Clara Klein, the lead sommelier at Boulder’s Sunday Vinyl restaurant, says she gets the request all the time: “I don’t like sweet wine — what can I drink that is dry?”
“What they don’t understand, and what we need to do a better job educating wine drinkers about, is the difference between sweet and fruity,” says Klein. “They tell me they don’t like sweet, but they confuse that with fruity. And that’s far from the same thing.”
This age-old wine conundrum seems more confusing than ever these days. That’s because sweet wines, like some red blends and Moscato, are frowned on by a new generation of wine drinkers in the same way their parents and grandparents dismissed oh-so-syrupy white Zinfandel. In addition, younger wine drinkers have been taught that added sugar is a health risk; many consider sugar levels in wine to be on par with soft drinks (it’s not).
They also see sweetness where it doesn’t exist.
Fruitiness isn’t sweetness
Many wines sold in the U.S. are dry, where “dry” is defined as the absence of sweetness, regardless of how fruity it smells or tastes. Or, for those who prefer math, wines start tasting sweet at about 8 grams of sugar per liter, or less than two teaspoons of sugar per bottle, and most U.S. wines have less than that — often, as little as half of that.
The confusion comes from the way the brain interprets fruitiness. “I run into that all the time with our tasting room employees,” says Jon McPherson, the master winemaker at South Coast Winery in Temecula, California. “They smell the wine, and they say they can smell the sweetness. But sugar doesn’t have an aroma. What they’re smelling is the fruit.”
And that revolves around the fruit flavors. There has long been extensive sensory research in how people interpret the aromas and flavors in wine, and the subject has spawned any number of doctoral dissertations. First, people use fruit comparisons because it’s something everyone understands. Second, the brain is accustomed to equating fruitiness with sweetness, like in jams and pies. No one thinks that an apple is necessarily sweet.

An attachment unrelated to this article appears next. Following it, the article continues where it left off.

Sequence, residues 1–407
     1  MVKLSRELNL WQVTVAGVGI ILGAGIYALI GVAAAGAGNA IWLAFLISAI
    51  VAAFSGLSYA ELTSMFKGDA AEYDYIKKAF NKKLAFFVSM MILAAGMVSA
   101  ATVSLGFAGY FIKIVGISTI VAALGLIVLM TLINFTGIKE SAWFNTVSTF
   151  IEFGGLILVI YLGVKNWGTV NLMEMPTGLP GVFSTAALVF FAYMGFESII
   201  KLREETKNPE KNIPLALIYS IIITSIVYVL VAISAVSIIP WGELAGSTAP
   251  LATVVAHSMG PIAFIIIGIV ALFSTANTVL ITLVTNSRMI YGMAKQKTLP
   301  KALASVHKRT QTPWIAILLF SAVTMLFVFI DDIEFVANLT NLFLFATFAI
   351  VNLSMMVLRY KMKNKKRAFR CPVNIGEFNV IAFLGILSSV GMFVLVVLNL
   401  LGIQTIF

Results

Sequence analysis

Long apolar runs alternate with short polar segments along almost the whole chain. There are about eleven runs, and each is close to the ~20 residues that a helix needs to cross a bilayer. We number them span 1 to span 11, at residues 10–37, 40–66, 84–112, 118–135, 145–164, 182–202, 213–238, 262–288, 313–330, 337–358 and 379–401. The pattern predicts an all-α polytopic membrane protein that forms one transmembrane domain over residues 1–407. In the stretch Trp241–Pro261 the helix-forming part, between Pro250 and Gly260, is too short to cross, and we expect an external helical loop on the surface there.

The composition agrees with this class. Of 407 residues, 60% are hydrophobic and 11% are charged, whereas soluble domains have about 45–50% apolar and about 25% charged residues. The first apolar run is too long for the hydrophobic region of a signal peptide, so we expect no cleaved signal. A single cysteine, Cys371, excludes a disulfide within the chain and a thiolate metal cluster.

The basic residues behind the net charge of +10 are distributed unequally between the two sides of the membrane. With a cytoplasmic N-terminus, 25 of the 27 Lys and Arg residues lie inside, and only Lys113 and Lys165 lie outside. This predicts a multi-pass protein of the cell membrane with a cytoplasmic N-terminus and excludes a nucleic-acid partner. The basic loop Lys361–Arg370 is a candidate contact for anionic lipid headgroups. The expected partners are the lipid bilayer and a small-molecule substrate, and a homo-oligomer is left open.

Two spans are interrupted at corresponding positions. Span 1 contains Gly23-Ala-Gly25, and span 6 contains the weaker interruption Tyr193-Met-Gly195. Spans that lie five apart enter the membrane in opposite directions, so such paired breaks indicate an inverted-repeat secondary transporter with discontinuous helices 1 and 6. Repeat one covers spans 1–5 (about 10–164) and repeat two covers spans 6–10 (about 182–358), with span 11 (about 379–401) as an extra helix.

But an apple pie is.
Hence, when someone smells or tastes apples in Chardonnay or strawberries in rosé, they assume it’s sweet because apple pie and strawberry jam is sweet. But neither wine is sweet. Typically, the rosé will have less than 4 grams of sugar per liter. That’s bone dry, by any definition, even if the brain insists it “tastes” sweet.
Klein says she tells customers to notice how the wine “finishes” dry — that is, to notice that there is no fruit flavor when they swallow. One of the telltale signs of a sweet wine is when sugar can still be tasted upon swallowing.
Another way to explain the difference? Consider a glass of plain iced tea. That’s dry, with no sweetness. Add lemon juice to the tea, and it becomes fruity, but still dry. Now add sugar to the iced tea with lemon, and it becomes fruity and sweet. The principle is similar with wine.
Spot the difference
There are, indeed, some sweeter wine styles that are popular: one standard glass of Moscato can have the equivalent of six teaspoons of sugar in it. Many popular red blends and mass-market red wines also have high levels of residual sugar but, unfortunately, won’t have the sugar content listed on the label.
But there is one helpful way to navigate the wine aisle — by alcohol content, which will be listed on the bottle. During the winemaking process, the sugar in the grape juice is converted to alcohol. This means that the higher the alcohol, the drier the wine. Low alcohol, starting at less than 12 percent, often signifies a sweeter wine.
One thing to remember is that the sweetness level says nothing about the quality of the wine. Indeed, some of the world’s most sought-after wines and expensive wines are the rare ice wines of Germany and Canada, or the Sauternes of France, all of which are both sweet and luscious.
When these wines are on the table, even the most die-hard dry wine drinker is in for a treat.